By using the wrong map the urban landscape was made strange, the artists became lost but also discovered new ways to navigate around Swansea town.
Referring back to cold war surveillance strategies of Soviet Poland Oben & Roberts documented their journey using covert spy equipment concealed upon their persons.
With spy camera handbag and a suitcase of photographs we leave the train.
The wind greets us as we leave central station, wrapping us in its cold embrace. We huddle into our coats and enter the city hotel. We pick up a map of Swansea and place our acetate map of Bydgoszcz over the top. We plant a photograph of Bydgoszcz in the hotel:
"The choice was our to make…"
Matching central station to central station we walk for 1 mile in a southerly direction. We divert neither left nor right but keep to the map and keep to the street.
Hungry we refer to our map and find a bar. Bohemian in style, we take a table in front of the burning fires and place a photograph of Bydgoszcz on the mantle:
"Memories are a second chance at happiness."
Our first direct and positive disruption with a barman from Hull - what is he doing so far from home? We direct him to Bydgoszcz and leave a photograph in a broken picture frame with the details of a Polish lunch we once ate.
We head westwards through a salubrious passage, furtively posting a photograph in a brass letterbox as we go:
"Meet me at 3 at Wiseman's Bridge Inn."
We follow a woman in brown velour tracksuit who leads us to the Catholic church. We leave a photograph as mass is said:
"And all the bats and owls from the church bells started calling."
We continue onwards following the map towards the tourist information office, passed a Byzantine icon of Mary, leaving a photograph on a notice board:
"We'd drawn a blank and my mood was darkening…"
In the tourist office they had not seen or heard our twin…
Out onto the street and into the arms of a Polish street vendor, drunk on vodka, smoking into his wares, correcting our pronunciation in a way we could not emulate. We gave him a photograph:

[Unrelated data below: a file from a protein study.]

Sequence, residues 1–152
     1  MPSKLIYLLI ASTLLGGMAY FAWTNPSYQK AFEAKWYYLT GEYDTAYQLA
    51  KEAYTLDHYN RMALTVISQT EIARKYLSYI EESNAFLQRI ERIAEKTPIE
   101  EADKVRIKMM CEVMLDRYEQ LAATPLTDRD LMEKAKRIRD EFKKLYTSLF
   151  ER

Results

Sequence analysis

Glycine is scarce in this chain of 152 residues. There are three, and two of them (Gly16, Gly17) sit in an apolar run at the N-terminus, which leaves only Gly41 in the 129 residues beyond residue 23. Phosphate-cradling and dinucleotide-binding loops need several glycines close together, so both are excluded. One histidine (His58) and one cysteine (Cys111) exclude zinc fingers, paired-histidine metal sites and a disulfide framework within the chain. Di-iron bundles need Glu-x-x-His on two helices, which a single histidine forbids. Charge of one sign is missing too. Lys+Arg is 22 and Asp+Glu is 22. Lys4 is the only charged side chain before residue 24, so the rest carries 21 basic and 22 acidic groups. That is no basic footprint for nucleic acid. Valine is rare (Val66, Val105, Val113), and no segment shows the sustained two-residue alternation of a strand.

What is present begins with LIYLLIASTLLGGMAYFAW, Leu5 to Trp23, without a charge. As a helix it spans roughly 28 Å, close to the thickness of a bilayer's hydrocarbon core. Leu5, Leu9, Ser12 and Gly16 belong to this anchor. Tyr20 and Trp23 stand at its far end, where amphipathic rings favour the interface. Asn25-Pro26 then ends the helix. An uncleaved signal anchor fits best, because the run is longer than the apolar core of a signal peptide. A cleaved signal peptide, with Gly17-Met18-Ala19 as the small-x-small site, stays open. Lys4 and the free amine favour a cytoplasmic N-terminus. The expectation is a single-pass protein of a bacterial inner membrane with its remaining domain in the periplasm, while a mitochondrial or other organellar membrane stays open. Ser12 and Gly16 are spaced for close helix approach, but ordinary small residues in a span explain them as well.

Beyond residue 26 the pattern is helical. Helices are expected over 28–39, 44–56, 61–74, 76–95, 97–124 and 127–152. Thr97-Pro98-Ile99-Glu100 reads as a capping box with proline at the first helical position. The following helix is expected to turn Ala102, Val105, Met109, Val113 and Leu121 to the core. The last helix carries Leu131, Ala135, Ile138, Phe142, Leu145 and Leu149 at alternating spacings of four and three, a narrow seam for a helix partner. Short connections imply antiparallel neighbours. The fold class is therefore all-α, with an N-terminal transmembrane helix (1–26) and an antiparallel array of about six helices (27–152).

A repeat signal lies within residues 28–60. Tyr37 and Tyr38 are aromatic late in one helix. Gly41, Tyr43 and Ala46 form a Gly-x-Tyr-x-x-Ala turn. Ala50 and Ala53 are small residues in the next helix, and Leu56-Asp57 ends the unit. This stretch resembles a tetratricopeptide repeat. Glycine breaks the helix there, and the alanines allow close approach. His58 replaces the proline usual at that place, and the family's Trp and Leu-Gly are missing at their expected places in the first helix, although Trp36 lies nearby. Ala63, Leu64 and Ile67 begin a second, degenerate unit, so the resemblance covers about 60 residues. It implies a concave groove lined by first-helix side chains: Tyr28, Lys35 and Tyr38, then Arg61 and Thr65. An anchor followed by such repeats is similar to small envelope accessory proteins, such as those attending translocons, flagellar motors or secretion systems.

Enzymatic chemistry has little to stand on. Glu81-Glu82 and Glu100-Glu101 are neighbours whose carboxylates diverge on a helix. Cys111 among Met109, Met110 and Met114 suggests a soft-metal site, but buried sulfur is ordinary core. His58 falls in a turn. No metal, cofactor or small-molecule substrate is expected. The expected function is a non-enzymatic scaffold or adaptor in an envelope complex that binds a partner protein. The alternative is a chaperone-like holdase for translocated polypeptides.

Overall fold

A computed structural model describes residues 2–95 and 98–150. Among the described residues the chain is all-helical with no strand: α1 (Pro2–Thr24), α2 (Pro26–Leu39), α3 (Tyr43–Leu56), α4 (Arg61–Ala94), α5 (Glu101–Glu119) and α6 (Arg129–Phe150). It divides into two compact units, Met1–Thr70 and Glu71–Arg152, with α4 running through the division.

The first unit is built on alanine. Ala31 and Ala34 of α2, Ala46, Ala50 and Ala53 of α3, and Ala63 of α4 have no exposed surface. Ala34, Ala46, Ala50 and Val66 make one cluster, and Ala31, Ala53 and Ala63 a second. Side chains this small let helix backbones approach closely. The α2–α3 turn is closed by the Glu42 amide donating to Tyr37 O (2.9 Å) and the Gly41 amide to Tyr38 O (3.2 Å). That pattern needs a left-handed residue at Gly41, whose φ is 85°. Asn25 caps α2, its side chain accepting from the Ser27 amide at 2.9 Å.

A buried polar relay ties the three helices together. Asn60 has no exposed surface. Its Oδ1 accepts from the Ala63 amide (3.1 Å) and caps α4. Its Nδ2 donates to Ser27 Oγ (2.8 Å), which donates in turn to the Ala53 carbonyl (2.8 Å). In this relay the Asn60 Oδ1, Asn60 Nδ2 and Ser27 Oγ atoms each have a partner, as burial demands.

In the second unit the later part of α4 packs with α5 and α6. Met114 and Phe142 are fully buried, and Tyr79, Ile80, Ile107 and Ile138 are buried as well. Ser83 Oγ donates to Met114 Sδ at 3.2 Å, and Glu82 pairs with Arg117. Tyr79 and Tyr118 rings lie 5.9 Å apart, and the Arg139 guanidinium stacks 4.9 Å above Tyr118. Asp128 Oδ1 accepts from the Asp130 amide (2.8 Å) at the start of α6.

"In search of a cheap hotel I suddenly saw her."
He gave us a pitying smile, we shook hand and headed onwards now in a northwesterly direction and through the main shopping area crowded with people and clowns and musicians. We plant a picture on a pink moped:
"You are obliged to identify yourself.
And hurry on.
Northwards now and away. Past the gallery and the old now deserted hotel:
"Factories and warehouses sprung up like a rash of blackened toadstools."
Into the Polish café - no coffee, only a broken-down machine and strange foodstuffs. The woman in the shop helped us into the Polish language, laughing and correcting us as we copied her exactly to our own ears, but not to hers. We leave without coffee or understanding, handing her a photograph:
"It's not long back and it's certainly worth it."
Double backing, east, south, south, south past:
"Buildings so long derelict and cobwebbed."
Across busy roads directing cars outwards and away. Past a statue of the city's one true hero and into his hand a photograph:
"If only I could establish the balance…"
To a tower block with dubious lift we are uncertain will ever release us. From the sky top panorama we survey our path, map our root., we drink wine, we leave a photograph:
"I belong down here underground beyond reproach."
Feet blistered - we have walked six hours in heels. One final burst we ask directions back of a man steadying himself against the pub we find him outside - without so much as a blink at our map he directs us away to the station.
Film spent, photographs exhausted, words trailing behind, we can walk no more.
We know Bydgoszcz like the back of our hands.
We are thoroughly lost in Swansea.